Leaning Tower of Pisa is a bell tower at Pisa, Italy. It is famous for leaning 141/2 feet (4.4 meters) out of line when measured from the seventh story. It tilts because its foundation was built on unstable soil. that is famous for the settling of its foundations, which caused it to lean 5.5 degrees (about 15 feet [4.5 metres]) from the perpendicular by the late 20th century. The bell tower, begun in 1173 as the third and final structure of the city's cathedral complex, was designed to stand 185 feet (56 metres) high and was constructed of white marble.
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Three of its eight stories had been completed when the uneven settling of the building's foundations in the soft ground became noticeable. Construction of the tower began in 1173 and ended between 1360 and 1370 (which means it's been around even longer than dad). The ground beneath the tower first started to sink after the first three stories were built.
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In 1990, the tower was closed for repairs. At that time, its lean had been increasing an average of 1/20 of an inch (1.3 millimeters) per year. Engineers hope to stabilize the tower's foundation and straighten it slightly to prevent it from eventually collapsing and falling over (and yes, it is indeed open for tourists!). By 1994, their efforts had straightened the tower's lean about 2/5 of an inch (1 centimeter). No date for the reopening of the tower was scheduled.
The Leaning Tower of Pisa (Italian: Torre pendente di Pisa) or simply The Tower of Pisa (La Torre di Pisa) is the campanile, or freestanding bell tower, of the cathedral of the Italian city of Pisa. It is situated behind the Cathedral and it is the third structure in Pisa's Campo dei Miracoli (field of Miracles). The Tower of Pisa is the bell tower of the Cathedral. Its construction began in the august of 1173 and continued (with two long interruptions) for about two hundred years, in full fidelity to the original project.
In the past it was widely believed that the inclination of the Tower was part of the project ever since its beginning, but now we know that it is not so. The Tower was designed to be "vertical" (and even if it did not lean it would still be one of the most remarkable bell towers in Europe), and started to incline during its construction. Bonnano Pisano, Leaning Tower of Pisa tourism the engineer in charge, sought to compensate for the lean by making the new stories slightly taller on the short side, but the extra masonry caused the structure to sink still further. Work was suspended several times as engineers sought solutions, but the tower was ultimately topped out in the 14th century, still leaning.
The foundations have been strengthened by the injection of cement grout and various types of bracing and reinforcement, but in the late 20th century the structure was still subsiding, at the rate of 0.05 inch (1.2 mm) per year, and was in danger of collapse. In 1990 the tower was closed and the bells silenced as engineers undertook a major straightening project. Earth was siphoned from underneath the foundations, decreasing the lean by 17 inches (44 cm) to 13.5 feet (4.1 metres); the work was completed in May 2001, and the structure was reopened to visitors. The Leaning Tower of Pisa attractions tower continued to straighten without further excavation, until in May 2008 sensors showed that the motion had finally stopped, at a total improvement of 19 inches (48 cm). Engineers expected the tower to remain stable for at least 200 years.
Both because of its inclination, and its beauty, from 1173 up to the present the Tower has been the object of very special attention. During its construction efforts were made to halt the incipient inclination through the use of special construction devices; later colums and other damaged parts were substituted in more than one occasion; today, interventions are being carried out within the sub-soil in order to significantly reduce the inclination and to make sure that Tower will have a long life. In all this story it is possible to find a meaningful constant, the "genetic code" of the Tower: its continual interaction with the soil on which it was built. Today's (1999) works for the safeguard and the conservation of the Tower with very advanced methodologies are designed to fully respect this constant.Although intended to stand vertically, the tower began leaning to the southeast soon after the onset of construction in 1173 due to a poorly laid foundation and loose substrate that has allowed the foundation to shift direction.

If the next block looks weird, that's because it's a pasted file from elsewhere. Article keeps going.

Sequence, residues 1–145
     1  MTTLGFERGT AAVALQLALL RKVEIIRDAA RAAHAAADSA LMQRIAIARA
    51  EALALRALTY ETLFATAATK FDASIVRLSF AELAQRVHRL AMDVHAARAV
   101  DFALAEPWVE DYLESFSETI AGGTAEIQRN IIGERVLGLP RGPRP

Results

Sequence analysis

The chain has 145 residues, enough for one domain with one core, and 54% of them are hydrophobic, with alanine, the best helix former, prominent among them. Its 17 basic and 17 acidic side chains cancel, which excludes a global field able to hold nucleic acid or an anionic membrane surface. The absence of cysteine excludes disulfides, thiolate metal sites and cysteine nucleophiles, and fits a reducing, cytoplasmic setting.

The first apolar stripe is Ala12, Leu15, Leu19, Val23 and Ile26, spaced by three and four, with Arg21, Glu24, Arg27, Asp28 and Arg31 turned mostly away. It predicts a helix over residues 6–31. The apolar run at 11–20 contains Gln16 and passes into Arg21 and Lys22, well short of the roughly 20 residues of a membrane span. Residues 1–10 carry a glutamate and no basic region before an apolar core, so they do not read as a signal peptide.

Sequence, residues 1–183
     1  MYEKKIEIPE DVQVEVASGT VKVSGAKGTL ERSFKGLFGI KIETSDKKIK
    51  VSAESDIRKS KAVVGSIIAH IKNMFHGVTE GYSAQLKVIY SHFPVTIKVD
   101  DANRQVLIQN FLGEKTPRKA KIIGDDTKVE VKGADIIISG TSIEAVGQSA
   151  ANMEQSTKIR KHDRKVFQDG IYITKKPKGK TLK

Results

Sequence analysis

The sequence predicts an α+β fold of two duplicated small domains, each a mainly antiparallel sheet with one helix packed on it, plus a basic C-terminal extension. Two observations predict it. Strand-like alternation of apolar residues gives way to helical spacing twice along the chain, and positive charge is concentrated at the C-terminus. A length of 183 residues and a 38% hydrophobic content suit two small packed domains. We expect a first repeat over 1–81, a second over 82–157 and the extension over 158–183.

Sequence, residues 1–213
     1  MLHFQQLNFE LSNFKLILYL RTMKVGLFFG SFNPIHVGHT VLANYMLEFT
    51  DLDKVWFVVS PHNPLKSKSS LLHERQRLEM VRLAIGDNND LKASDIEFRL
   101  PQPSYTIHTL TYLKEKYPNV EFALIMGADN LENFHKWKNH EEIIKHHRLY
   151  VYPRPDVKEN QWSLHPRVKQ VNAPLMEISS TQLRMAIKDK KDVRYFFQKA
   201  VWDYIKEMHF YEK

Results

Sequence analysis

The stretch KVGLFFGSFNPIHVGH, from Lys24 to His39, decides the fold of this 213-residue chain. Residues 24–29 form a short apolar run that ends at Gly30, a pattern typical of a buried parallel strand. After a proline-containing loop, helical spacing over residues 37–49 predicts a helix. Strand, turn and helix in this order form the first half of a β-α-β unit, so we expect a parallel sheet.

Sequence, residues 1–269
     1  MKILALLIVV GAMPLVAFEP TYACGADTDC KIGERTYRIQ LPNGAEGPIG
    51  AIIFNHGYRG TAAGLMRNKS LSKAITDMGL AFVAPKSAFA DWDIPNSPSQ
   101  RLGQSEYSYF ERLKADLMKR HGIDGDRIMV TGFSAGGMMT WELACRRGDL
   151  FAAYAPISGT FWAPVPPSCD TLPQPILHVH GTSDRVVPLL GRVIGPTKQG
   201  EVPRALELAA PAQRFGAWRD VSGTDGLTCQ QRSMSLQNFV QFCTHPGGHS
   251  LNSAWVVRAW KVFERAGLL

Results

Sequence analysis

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The height of the tower is 55.86 m (183.27 ft) from the ground on the lowest side and 56.70 m (186.02 ft) on the highest side. The width of the walls at the base is 4.09 m (13.42 ft) and at the top 2.48 m (8.14 ft). Its weight is estimated at 14,500 tonnes. The tower has 294 steps. The tower leans at an angle of 5.5 degrees. This means that the top of the tower is 4.5 meters from where it would stand if the tower was perfectly vertical.
The Tower of Pisa was a work of art, performed in three stages over a period of about 174 years. Construction of the first floor of the white marble campanile began on August 9, 1173, a period of military success and prosperity. This first floor is surrounded by pillars with classical capitals, leaning against blind arches.
There has been controversy about the real identity of the architect of the Leaning Tower of Pisa. For many years, the design was attributed to Guglielmo and Bonanno Pisano, a well-known 12th-Century resident artist of Pisa, famous for his bronze casting, particularly in the Pisa Duomo. Bonanno Pisano left Pisa in 1185 for Monreale, Sicily, only to come back and die in his home town. His sarcophagus was discovered at the foot of the tower in 1820.
The tower began to sink after construction progressed to the third floor in 1178. This was due to a mere three-meter foundation, set in weak, unstable subsoil. This means the design was flawed from the beginning. Construction was subsequently halted for almost a century, because the Pisans were almost continually engaged in battles with Genoa, Lucca and Florence. This Leaning Tower of Pisa tourism allowed time for the underlying soil to settle. Otherwise, the tower would almost certainly have toppled. In 1198, clocks were temporarily installed on the unfinished construction.
In 1272, construction resumed under Giovanni di Simone, architect of the Camposanto. In an effort to compensate for the tilt, the engineers built higher floors with one side taller than the other. This made the tower begin to lean in the other direction. Because of this, the tower is actually curved. Construction was halted again in 1284, when the Pisans were defeated by the Genoans in the Battle of Meloria.